# A single screw axis of a rolling wheel - seems impossible...?

Chasles' theorem:
"Any rigid-body motion can be specified by a rotation about a screw axis and a translation parallel to that axis."

For a rolling wheel, the axis of rotation is perpendicular to the direction of translation. How do we reconcile these facts ?

All velocities are relative to a specific frame.

You can describe the wheels motion relative to the vehicle body as purely rotation and no parallel translation.

You can alternatively describe the motion of the vehicle to the ground (assuming a basic cart going straight forward) as purely translation along a forward facing axis of the vehicle without rotation.

If you want the velocity of the wheel with respect to the ground. The vehicle is moving forward at velocity $$v$$ then the top of the wheel is moving at $$2*v$$ and the bottom of the wheel is moving at zero velocity then the axis is at the contact point on the ground. (The place where it has zero velocity.) And the rotational velocity is $$v/r$$ where $$r$$ is the radius of the wheel. And there's no translational component.

One critic part of the above theorem is that the axis of choice of the representation is not tied to the physical mechanisms causing the motion. In fact it may diverge significantly and also change moment to moment for a more complex trajectory.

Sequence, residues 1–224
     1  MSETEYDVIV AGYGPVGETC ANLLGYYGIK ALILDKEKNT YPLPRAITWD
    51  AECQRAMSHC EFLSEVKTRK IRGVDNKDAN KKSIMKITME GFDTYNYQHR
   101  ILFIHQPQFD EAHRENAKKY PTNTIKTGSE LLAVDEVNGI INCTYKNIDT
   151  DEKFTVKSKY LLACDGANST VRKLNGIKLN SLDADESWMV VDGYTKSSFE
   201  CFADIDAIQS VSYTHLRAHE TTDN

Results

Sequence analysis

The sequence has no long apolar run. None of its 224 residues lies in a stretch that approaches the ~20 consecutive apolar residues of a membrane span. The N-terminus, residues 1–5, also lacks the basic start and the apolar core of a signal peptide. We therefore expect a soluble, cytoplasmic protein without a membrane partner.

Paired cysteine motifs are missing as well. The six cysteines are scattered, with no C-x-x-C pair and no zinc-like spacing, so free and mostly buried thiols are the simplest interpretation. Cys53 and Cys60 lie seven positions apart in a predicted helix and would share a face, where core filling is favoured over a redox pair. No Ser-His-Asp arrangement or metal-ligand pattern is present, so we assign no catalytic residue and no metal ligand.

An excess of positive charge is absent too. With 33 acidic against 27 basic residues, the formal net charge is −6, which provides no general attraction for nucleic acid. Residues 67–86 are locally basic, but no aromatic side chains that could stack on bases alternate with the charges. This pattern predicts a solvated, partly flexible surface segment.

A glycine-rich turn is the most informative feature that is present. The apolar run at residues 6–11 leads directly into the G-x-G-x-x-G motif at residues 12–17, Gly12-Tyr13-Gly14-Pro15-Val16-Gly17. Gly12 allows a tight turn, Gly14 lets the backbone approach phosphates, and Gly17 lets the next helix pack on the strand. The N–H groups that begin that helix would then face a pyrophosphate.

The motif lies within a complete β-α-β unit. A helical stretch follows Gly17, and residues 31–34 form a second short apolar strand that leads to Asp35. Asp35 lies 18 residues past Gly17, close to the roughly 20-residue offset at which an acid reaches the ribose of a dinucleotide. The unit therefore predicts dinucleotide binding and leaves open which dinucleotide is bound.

• That's not what I'm asking. If a rolling wheel is a rigid motion, then how can you describe that motion using a screw ? The translational part can be described by a screw axis parallel to the axis of rotation, but then you need infinite pitch. Sep 5, 2022 at 23:30
• You want to describe the rolling wheel with respect to the ground? You always need to clarify the reference frame. I've updated the answer to explain that. There will be no translational part for that. In screw theory it's fine to have both zero pitch and infinite pitch. That means it's either purely rotational or purely translational. When a car rolls down the street you think of the wheels as both translating and rotating. But as I said this reduced representation does not necessarily reflect the behavior it's just a way to ensure a reduced representation for mathematical manipulation.
– Tully
Sep 6, 2022 at 16:14
• I want the inertial reference frame to be ground. Otherwise you just have a rotating disk. My claim is that you need two screws to describe the motion. Otherwise, the screw axis must translate along the translation of the wheel. Sep 6, 2022 at 17:07
• Yes, as I said above the representation is only valid for the moment that you're representing. It does not guarantee that the axis does not move for the next moment. If you want a wheel that rolls 90 degrees forward the axis of rotation to represent it as a pure rotation will be at the point that is 45 degrees in front of the first wheel and 45 degrees behind the second wheel some distance under the ground. If you were to trace the route between those two points the wheel would arc up into the air. But again this is not about representing the trajectory but just the pure displacement.
– Tully
Sep 6, 2022 at 19:37